On a more personal note, my passion for the profession has played a key role in overcoming the internal challenges that I have faced, and these are also what motivated me to give my best in both realms. Having the support of the family and the firm helped me work through the setbacks. Regarding my experience, I always try to voice my opinions supported by factual and experienced-based knowledge

Tell us about a project from your portfolio highlighting the innovative use of steel in the design.
The greatest merit is the versatility of steel gives architects the freedom to achieve their most ambitious visions. An extremely special project and proud moment was when Midori Architects won the first runner-up at the prestigious ‘Notions of India’ competition held by Tata Structura among 5,000 entries from India and abroad. The competition brief asked us to engineer an iconic outdoor sculpture made of steel that best represents the new India. We designed ‘the Knot’ – a torus-type knot whose integrity is rooted in the union of three forces (positive, negative and neutral). The material used for the design is hollow steel tubes which are sustainable. Tubular assemblies can be quickly manufactured and assembled on-site within a day, considering costs. Steel, widely used for its strength, recyclability, and transport convenience, supports the circular economy by being easily repurposed without quality loss. Its strength reduces material usage, conserving resources and energy, while also enabling future modifications to structures.

What are your views on the role of steel construction in promoting sustainable and eco-friendly architectural practices in India?
To understand the environmental performance of a product, its entire life cycle needs to be taken into consideration. A life cycle assessment (LCA) of a steel product looks at resources, energy, and emissions, from the steel production stage to its end-of-life stage, including recycling. Very few manufacturers do an LCA assessment except the Big 3 in India.

We need to encourage open transparent factual conversation about the decarbonisation of steel manufacturing and its extraction processes to our natural resources. Also, a few drawbacks of steel need to be addressed through innovation, it is also susceptible to brittle fracture when it loses its ductility, its strength reduces at high temperatures due to fire causing buckling and it desperately needs an appropriate barrier between the metal element and the atmosphere when it comes to corrosion on a long-term exposure through painting, galvanising or other proprietary finishes.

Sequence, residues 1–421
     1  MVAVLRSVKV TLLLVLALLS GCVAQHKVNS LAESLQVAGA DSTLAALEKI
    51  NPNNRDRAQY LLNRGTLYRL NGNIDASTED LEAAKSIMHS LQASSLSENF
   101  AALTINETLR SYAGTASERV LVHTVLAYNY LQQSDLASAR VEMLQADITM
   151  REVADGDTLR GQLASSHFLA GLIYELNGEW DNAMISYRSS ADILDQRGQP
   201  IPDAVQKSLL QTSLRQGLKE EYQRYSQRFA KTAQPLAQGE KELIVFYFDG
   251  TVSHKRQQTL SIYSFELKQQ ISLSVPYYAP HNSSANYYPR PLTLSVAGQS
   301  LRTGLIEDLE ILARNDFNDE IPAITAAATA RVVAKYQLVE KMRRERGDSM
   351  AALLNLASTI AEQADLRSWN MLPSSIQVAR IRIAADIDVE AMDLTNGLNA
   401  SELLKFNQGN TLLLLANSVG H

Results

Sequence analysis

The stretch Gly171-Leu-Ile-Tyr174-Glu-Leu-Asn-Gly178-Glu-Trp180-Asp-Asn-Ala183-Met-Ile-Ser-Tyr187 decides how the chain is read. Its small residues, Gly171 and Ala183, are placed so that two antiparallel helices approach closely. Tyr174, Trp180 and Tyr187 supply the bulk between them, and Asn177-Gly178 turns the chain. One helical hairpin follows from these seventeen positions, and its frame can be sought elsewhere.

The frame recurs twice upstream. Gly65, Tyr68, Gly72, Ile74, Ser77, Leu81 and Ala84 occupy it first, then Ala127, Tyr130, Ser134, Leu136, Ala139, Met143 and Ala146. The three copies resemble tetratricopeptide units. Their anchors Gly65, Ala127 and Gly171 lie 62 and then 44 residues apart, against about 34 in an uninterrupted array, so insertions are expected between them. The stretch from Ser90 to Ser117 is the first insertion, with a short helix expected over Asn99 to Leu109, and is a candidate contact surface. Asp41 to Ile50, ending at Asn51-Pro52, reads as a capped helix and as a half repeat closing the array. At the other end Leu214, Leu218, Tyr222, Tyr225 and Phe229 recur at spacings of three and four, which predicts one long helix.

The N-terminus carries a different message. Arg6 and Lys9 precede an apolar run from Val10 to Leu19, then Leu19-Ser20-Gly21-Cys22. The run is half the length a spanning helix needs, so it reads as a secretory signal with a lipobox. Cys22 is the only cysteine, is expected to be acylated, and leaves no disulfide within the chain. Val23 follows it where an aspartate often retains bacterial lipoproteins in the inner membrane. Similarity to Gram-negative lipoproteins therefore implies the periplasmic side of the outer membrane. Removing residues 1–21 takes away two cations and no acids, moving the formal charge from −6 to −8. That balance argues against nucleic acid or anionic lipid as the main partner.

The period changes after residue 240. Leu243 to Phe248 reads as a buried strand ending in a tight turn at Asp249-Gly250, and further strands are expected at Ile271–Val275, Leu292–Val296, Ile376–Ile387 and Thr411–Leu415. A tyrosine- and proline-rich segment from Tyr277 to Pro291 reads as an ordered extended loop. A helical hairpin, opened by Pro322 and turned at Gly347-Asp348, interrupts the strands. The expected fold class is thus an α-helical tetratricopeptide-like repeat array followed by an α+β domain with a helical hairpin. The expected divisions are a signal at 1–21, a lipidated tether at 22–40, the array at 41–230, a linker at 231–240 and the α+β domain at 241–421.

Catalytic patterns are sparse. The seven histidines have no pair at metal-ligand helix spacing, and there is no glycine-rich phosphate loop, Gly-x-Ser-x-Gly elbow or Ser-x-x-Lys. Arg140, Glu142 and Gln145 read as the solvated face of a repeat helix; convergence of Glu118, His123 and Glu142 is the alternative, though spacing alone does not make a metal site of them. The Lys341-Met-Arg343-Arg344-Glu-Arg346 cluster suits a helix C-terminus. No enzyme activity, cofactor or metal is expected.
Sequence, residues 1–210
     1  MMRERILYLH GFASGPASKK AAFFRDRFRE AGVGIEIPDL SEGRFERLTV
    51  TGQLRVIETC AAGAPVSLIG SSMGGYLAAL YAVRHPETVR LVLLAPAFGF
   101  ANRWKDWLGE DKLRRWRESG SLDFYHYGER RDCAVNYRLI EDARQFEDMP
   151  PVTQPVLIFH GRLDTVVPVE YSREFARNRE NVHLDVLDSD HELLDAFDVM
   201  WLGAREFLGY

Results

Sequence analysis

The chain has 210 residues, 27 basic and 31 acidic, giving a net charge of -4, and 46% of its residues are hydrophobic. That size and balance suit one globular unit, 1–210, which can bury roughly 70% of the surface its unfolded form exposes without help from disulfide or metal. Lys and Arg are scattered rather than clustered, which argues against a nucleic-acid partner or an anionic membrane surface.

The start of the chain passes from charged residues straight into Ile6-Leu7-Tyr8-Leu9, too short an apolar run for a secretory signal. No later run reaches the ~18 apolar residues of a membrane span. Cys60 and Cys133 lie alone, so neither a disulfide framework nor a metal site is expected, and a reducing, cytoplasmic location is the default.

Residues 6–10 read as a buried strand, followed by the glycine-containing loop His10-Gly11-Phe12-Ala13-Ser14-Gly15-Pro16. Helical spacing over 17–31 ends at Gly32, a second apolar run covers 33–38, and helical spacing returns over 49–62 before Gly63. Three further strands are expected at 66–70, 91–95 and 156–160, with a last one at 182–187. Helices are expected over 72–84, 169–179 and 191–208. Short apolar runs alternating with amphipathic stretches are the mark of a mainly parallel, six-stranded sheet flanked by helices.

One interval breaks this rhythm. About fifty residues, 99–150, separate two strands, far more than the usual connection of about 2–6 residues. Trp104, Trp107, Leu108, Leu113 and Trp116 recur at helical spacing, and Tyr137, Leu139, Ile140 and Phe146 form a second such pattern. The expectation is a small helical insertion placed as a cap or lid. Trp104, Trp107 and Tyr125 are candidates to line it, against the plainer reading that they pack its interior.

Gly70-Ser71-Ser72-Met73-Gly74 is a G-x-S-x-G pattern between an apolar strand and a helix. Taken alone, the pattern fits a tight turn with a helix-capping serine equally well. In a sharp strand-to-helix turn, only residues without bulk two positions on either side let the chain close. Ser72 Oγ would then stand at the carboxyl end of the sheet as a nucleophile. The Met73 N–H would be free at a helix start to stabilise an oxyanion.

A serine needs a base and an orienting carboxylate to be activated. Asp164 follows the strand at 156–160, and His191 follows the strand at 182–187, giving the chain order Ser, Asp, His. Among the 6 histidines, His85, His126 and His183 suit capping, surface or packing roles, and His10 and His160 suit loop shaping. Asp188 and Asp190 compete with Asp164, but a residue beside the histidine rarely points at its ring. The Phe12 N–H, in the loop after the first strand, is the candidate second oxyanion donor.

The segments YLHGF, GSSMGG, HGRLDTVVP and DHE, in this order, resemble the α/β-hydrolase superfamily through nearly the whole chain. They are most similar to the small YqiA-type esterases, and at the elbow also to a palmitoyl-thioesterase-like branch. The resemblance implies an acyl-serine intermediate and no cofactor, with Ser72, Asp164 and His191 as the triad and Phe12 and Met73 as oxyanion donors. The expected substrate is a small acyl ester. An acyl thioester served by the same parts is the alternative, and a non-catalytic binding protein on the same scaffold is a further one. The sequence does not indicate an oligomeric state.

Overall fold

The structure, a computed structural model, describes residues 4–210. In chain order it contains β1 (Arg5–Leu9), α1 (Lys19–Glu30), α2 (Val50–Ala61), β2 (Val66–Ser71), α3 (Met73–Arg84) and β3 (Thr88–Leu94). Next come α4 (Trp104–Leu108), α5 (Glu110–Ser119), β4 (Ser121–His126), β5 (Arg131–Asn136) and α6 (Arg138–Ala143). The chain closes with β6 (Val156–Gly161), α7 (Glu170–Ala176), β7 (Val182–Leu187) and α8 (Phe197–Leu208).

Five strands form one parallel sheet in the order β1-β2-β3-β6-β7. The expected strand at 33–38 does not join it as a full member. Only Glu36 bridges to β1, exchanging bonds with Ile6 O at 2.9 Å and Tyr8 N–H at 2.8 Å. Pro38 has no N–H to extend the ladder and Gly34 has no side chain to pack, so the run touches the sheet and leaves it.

Given the rapid growth and demand in the Indian steel construction market, how can architects incorporate steel structures to address the need for both speed and quality in construction?
The majority of structural steelwork is prefabricated, with very little site work required other than assembly via bolted connections. This leads to fast construction times and, with attention to staged delivery, decongested construction sites, which makes it ideal for congested CBD building projects on small sites. Prefabrication brings fabrication shop control over quality and the dimensional accuracy of computer numerical control (CNC) machinery. Precise control over quantities reduces waste and workflows incorporating seamless integration back to the 3D design models ensuring errors are minimised and architectural intent preserved. Unlike concrete, steel frames are at full strength as soon as they are completed, allowing immediate access for following trades. Printing of metallic components also features in leading-edge research, with applications more recently coming onto the market for 3D metal printers. Metal printing processes like powder bed fusion, metal binder jetting and directed energy deposition have grown significantly.

With AI and ML being increasingly incorporated into all aspects, how do you envision the new generation of architects using technologies in their designs?
The world’s growing complexity amplifies demands on our built environment, placing architects under the task of translating evolving societal needs into practical, sustainable solutions. Data availability reshapes the field, as advancing technology introduces fresh avenues for creative engagement. Architects’ work comprises creative analysis, originality, problem-solving, and human-centric skills not easily replicated by technology. Collaboration between humans and computers optimises tasks, allowing architects to prioritise creative aspects, and the software can automate tedious, repetitive day-to-day tasks. AI won’t replace architects but will transform the industry. Integrating AI requires architects to master new skills for a modern workflow, enhancing their role as orchestrators. AI already monitors construction sites, enhancing safety and productivity. The construction sector embraces AI for efficiency. Advanced modelling software like Grasshopper aids architects in experimenting with imaginative designs, reducing guesswork and enabling innovative planning, enabling architects to experiment and create more fantastical designs.